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KZNPO CONCERT: 21 OCTOBER 2004 (article first published : 2004-10-22)

Lovers of English music - they are, I guess, a minority - had plenty to satisfy them in this concert by the KZN Philharmonic, conducted by Adrian Sunshine who has strong musical associations with London and Greece. The programme consisted of Handel (a German who spent much of his life in London), Elgar, Vaughan-Williams and the contemporary composer John Rutter.

The occasion marked the orchestra’s 21st anniversary and a large audience (including, I think, many invited guests) displayed great enthusiasm, especially for the 75-strong Drakensberg Boys’ Choir, who joined the orchestra in a performance of Rutter’s Magnificat. Loud applause followed each of the seven parts of this fine choral work, in spite of the conductor’s efforts to quell it with extended arms; the Magnificat is intended to be sung as a unit, not as separate items.

Be that as it may, the performance was an impressive one. The Magnificat, based on a passage from St Luke, was first given in New York in 1990. It is melodious, rhythmical and accessible, and never tedious. The opening number is very lively, and seems to have some South American influence. Later movements reminded me of parts of Karl Orff’s Carmina Burana. And the work ends with a rousing Gloria.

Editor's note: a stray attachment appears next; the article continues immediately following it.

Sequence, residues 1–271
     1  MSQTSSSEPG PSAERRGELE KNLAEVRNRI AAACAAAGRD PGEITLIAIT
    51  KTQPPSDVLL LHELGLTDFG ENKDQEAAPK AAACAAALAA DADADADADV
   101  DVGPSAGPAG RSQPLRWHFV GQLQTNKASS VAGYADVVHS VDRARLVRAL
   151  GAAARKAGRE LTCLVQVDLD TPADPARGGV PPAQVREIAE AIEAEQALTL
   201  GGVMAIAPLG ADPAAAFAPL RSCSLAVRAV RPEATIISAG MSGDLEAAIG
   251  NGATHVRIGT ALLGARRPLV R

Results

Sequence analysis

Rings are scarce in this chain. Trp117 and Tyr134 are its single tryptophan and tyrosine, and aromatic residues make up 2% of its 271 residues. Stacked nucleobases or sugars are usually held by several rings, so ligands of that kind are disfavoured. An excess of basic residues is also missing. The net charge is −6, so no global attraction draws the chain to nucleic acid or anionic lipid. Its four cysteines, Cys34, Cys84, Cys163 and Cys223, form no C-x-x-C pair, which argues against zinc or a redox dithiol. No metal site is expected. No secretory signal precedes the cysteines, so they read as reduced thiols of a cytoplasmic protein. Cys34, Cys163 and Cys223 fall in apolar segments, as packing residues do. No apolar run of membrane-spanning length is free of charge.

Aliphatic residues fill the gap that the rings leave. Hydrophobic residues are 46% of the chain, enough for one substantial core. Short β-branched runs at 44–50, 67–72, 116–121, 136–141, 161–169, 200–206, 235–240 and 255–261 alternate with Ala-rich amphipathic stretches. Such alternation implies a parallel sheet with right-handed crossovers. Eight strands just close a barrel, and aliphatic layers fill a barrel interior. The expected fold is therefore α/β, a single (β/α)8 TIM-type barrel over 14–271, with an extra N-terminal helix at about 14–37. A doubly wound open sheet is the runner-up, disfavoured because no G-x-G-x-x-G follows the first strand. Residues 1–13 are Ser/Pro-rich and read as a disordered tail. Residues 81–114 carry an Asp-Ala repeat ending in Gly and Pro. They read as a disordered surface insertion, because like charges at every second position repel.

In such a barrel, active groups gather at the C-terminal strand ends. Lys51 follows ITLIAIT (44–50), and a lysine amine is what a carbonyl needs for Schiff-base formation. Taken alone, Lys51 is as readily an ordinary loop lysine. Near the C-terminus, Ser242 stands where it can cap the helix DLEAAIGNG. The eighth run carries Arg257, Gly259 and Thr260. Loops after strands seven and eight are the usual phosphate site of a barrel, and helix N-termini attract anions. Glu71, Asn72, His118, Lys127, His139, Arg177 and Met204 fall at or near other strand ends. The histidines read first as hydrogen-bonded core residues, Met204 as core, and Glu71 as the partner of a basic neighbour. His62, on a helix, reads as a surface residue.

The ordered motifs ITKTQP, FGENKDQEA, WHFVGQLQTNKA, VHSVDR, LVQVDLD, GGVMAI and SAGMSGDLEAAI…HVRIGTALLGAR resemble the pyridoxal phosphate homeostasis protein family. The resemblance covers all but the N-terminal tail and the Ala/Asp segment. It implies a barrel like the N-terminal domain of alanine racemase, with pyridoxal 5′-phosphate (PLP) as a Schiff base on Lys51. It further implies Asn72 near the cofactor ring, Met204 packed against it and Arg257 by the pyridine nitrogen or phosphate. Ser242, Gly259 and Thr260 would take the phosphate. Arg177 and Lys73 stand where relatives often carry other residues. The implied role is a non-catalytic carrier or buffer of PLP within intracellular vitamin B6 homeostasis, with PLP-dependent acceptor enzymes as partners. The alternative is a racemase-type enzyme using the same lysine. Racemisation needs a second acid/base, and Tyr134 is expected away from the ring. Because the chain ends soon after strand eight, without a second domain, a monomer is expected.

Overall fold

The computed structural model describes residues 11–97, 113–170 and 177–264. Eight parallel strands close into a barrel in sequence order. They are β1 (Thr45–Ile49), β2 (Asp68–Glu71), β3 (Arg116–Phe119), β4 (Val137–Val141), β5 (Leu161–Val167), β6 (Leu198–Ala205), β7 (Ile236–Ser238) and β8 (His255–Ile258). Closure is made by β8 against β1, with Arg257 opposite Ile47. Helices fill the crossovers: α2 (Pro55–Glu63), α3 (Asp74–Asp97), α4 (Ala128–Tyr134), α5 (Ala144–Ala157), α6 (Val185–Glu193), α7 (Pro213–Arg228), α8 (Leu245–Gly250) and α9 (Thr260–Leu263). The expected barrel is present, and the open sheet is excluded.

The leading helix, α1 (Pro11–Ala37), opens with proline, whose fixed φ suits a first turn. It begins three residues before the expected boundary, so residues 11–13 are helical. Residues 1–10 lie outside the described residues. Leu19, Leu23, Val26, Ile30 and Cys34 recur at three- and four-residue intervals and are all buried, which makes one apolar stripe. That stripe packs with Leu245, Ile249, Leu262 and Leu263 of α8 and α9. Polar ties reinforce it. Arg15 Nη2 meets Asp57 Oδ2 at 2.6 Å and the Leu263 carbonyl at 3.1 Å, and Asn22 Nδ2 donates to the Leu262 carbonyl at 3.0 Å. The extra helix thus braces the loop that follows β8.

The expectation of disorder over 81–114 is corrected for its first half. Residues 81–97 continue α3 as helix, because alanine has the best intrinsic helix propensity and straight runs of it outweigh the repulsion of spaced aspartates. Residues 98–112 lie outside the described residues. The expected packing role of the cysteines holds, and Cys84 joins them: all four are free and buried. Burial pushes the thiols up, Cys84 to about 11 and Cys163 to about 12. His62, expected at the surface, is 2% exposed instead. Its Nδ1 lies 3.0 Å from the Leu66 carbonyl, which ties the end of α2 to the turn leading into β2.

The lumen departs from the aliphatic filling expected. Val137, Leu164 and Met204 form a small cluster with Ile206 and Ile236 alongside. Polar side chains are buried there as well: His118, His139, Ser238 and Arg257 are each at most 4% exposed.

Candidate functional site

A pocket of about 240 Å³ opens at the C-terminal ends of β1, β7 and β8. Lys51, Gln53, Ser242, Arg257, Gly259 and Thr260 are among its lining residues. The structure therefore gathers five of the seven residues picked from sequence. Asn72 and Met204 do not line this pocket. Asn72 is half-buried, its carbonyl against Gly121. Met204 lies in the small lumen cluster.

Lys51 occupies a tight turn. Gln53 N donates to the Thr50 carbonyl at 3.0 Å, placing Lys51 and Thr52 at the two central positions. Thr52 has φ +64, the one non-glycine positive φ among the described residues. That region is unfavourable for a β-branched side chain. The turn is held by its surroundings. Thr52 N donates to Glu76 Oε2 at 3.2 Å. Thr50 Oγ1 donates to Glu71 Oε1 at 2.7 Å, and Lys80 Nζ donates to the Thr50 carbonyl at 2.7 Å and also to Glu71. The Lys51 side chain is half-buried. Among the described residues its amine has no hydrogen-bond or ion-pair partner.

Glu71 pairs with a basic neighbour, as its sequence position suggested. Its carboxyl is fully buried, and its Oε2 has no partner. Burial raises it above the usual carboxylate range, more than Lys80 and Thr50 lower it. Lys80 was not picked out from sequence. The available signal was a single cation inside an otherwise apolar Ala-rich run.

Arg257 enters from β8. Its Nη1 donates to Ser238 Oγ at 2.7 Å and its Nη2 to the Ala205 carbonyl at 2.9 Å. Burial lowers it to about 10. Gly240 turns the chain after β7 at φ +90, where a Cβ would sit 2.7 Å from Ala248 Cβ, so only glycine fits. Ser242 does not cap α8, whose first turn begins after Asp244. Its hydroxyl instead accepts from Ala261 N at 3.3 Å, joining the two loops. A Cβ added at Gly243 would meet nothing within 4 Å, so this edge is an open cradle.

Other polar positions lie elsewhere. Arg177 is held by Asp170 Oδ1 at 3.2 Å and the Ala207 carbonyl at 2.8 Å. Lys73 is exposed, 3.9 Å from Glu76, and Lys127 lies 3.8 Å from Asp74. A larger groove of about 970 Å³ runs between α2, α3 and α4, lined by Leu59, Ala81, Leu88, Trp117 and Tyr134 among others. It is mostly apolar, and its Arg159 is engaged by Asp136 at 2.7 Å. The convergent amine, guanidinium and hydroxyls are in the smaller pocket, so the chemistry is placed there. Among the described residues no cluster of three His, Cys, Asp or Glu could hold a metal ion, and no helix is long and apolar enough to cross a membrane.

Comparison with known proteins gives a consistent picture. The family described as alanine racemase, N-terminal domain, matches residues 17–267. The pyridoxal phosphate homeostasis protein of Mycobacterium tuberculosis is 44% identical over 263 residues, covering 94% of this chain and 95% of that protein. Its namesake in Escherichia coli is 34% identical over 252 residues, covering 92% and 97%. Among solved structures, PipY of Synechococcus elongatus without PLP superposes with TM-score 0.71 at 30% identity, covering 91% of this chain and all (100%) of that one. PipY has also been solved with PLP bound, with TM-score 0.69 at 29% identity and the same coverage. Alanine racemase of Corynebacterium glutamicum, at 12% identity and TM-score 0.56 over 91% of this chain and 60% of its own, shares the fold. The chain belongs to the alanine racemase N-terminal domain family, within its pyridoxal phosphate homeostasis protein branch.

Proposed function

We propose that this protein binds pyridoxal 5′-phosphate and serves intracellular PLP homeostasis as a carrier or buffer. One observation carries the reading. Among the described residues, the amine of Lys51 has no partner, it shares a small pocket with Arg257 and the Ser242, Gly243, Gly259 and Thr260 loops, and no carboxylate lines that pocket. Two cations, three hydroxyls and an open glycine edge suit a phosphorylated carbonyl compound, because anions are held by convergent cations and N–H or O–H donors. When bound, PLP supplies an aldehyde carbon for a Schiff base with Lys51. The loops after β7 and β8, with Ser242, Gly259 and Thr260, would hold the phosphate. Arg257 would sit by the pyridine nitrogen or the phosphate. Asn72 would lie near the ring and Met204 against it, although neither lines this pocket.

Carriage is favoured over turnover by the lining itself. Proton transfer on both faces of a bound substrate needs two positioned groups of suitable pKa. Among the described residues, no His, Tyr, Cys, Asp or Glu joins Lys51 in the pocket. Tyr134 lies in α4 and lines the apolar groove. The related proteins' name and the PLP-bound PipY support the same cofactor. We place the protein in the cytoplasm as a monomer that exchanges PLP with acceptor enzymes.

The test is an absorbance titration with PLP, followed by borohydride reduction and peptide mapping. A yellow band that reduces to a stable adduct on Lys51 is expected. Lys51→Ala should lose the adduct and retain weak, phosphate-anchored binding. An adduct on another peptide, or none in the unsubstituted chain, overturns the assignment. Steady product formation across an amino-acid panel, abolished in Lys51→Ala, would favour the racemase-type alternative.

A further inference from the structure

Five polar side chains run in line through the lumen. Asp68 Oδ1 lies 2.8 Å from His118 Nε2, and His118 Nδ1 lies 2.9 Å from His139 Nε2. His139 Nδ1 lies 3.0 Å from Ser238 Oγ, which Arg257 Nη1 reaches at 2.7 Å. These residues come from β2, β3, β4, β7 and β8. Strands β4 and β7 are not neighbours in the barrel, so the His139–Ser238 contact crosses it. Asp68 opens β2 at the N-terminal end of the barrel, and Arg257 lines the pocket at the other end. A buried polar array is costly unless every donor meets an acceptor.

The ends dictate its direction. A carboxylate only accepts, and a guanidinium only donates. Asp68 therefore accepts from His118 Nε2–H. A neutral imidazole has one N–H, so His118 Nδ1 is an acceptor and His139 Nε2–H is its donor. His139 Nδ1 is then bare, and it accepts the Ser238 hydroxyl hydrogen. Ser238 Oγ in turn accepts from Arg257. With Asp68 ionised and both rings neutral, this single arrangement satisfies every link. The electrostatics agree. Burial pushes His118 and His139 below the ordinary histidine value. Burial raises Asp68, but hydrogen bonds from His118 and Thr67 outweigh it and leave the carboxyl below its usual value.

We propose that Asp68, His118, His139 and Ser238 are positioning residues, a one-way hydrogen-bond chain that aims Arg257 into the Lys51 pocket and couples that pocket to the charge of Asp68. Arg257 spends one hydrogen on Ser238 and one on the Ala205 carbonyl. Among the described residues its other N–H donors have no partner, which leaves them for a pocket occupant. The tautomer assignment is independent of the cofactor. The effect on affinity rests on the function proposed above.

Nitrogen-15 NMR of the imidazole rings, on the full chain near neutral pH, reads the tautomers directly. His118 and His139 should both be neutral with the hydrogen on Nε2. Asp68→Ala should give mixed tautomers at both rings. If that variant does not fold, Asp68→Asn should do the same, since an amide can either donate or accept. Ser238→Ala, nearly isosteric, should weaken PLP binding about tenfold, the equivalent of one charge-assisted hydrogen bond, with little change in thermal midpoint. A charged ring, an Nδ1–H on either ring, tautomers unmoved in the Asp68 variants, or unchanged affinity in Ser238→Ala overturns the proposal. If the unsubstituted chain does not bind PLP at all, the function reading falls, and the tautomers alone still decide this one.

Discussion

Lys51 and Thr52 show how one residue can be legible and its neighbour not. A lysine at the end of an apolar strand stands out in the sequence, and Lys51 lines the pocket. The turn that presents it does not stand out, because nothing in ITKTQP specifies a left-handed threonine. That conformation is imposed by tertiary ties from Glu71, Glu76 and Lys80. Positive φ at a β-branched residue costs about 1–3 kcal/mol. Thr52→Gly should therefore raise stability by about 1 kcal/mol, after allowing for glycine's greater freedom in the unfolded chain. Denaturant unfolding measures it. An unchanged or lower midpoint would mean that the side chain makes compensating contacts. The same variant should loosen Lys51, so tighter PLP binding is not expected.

Altogether enjoyable, with the Drakensberg boys making their usual impact. Somebody should tell some of them, though, that swaying from side to side is totally inappropriate for music of this kind.

Two items from Handel’s brilliant Royal Fireworks Music opened the programme, followed by Elgar’s introspective Introduction and Allegro for string orchestra, with some expressive solo playing by Darragh Morgan (violin) and William Muir (viola).

Ralph Vaughan-Williams’s 1924 Violin Concerto is not everybody’s cup of tea, but it did introduce a really gifted soloist, Nokuthula Ngwenyama. She was born in California of Zimbabwean-Japanese parentage, she seems to be about 30 years old, and she has already made a big reputation with her violin performances in the United States. She played the Vaughan-Williams with poise, elegance and excellent intonation, especially in the slow movement. - Michael Green




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